Listen to what is going on in the background conversations...


Masters and Slaves

In Electrical and Electronic engineering the term master and slave is often used in conjunction with circuit design. It is a favourite design pattern, a master, say a computer, controls a bunch of slaves, say a bunch of monitoring devices. The master might poll each device in turn and the slaves would respond with whatever data they are collecting.

In a technology I work in, Frame Relay, the calling end of the telecommunication data circuit is called the master and the called end the slave, using this same thought process. In a similar vane, for backup purposes you can have two slaves, a slave with backup and a backup slave. In fact, you can have a whole series of backup slaves. This is used say when you have one remote terminal trying to connect to two redundant data centres. You would connect to one, and if that one was down, then you would connect to the other.

So it has nothing to do with whips and chains if you hear me talking of masters and slaves. Though I would be amused if you did think of whips and chains.


LOS = Loss of Signal

In the industry I work in LOS means loss of signal, though strangely Wikipedia does not understand this.

Los may refer to:

LOS may stand for:



Quite some time ago, I decided to try out a housing agency. (Melbourne in the late 1980s.) I had no experience of one. So I paid my $50 and filled in the various forms. They suggested a house in Collingwood. The men, I am guessing were gay, though I do not think that this was an issue at the time. I decided I did not like the house itself for a few reasons, it was very cold, as old terraces sometimes are, but mostly because it smelled of mildew. I think it had a major rising damp problem. When the woman asked why I did not like the house, I said that it was because it was smelly. I am guessing that this is the source of this strange story.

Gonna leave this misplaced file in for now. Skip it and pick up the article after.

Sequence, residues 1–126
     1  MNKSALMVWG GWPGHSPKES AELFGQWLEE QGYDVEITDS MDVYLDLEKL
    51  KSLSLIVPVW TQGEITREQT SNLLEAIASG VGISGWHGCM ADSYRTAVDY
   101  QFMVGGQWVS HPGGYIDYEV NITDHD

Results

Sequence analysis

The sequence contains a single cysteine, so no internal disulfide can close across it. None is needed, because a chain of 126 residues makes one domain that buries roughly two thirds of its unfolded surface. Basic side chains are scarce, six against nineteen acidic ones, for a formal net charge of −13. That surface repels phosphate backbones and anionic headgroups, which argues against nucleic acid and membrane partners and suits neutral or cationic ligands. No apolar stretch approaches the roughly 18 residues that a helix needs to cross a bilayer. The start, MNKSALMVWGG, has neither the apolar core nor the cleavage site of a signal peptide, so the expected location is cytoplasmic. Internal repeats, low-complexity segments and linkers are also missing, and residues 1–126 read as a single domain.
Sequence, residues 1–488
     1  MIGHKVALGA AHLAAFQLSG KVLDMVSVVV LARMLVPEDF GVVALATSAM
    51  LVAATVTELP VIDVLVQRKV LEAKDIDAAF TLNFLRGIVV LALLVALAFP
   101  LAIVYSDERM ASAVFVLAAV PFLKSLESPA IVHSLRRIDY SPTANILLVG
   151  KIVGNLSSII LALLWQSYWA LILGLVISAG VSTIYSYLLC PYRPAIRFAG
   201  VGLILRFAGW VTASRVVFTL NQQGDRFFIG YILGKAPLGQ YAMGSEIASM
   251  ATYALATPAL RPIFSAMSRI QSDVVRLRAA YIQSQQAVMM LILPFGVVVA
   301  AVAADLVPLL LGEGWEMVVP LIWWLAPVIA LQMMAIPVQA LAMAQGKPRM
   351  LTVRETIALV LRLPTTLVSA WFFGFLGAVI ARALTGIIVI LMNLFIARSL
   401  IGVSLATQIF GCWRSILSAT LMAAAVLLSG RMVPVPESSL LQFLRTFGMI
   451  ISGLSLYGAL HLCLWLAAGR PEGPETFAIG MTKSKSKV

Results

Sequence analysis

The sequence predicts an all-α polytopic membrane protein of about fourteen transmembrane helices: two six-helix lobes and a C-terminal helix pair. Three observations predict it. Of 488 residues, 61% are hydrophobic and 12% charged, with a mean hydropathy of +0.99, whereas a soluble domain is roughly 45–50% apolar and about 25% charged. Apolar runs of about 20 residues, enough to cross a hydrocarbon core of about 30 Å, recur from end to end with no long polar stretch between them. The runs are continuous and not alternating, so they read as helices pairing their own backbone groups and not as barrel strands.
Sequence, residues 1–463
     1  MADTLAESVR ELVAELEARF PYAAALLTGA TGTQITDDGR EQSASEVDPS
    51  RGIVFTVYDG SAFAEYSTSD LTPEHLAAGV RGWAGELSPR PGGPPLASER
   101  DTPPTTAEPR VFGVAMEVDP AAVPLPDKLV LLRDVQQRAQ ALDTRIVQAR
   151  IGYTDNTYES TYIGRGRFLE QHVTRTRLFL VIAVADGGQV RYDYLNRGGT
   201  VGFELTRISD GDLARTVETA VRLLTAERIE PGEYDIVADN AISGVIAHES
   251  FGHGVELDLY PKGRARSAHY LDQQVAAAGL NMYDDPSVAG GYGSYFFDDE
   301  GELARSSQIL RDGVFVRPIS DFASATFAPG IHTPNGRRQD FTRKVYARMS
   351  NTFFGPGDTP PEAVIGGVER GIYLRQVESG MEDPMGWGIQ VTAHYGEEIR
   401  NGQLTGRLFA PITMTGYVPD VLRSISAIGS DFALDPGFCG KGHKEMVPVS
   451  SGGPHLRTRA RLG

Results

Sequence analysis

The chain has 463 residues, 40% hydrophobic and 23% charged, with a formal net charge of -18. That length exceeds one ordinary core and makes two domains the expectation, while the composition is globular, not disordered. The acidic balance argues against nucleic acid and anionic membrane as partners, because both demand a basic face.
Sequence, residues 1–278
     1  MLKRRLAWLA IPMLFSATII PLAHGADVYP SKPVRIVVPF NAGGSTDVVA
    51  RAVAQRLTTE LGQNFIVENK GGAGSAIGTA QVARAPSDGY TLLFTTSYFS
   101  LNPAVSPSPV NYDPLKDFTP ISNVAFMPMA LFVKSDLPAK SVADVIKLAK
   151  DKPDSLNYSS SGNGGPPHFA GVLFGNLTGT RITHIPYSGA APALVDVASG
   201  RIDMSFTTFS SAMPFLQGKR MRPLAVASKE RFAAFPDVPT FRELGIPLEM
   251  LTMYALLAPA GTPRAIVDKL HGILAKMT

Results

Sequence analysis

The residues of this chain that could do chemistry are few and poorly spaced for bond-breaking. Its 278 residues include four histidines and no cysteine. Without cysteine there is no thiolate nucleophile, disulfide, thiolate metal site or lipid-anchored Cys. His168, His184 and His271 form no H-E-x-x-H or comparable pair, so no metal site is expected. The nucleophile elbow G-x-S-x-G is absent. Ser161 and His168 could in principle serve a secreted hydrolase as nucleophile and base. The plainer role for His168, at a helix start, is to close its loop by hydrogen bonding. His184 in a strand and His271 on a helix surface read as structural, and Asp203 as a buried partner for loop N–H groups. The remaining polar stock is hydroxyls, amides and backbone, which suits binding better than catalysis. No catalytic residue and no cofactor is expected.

After that there were stories that I did not like gay people. Which at first I just ignored as it was plainly wrong. But they persisted for quite some time.

When I came back to Melbourne in 1992, a man in a pub on Exhibition Street and a Telstra employee, made a big deal once of smelling the seat of a woman who had just left.

Fast forward. When I arrived in Sydney in 1997, people made all sorts of comments about not liking smelly people. At first I just thought that this was some bizarre way the people in Sydney think. There are plenty of others, but then I have never really fitted into Australia. Though that is another story. People would say thinks like, we disliked so and so because he was smelly. Even my sister joined in on the act. She thinks that people in the CES who were queuing were a problem because they were smelly. Even last week, someone said, I (that is the person speaking) am ok, I am not smelly.

So, what these people (that is people who are not me) think by smelly and what I think by smelly are not the same think and I am very dismayed at the mountain that people have made out of a mole hill. But I have to say that it is typical of this line of thought and this is not the only thing that falls into this category.

As I said some years back, take what they say and know it is wrong. Take the opposite of what they say and know that it is also wrong. I do not like or dislike people because they are smelly, though I would object if someone had not been having a shower. The smelliest people I ever met were some hitch hikers on the south island of NZ. They had been hiking for a week and I gave them a lift back to a near by town. They had not had a shower in a week. They reeked. But it was not offensive, just a bit overpowering.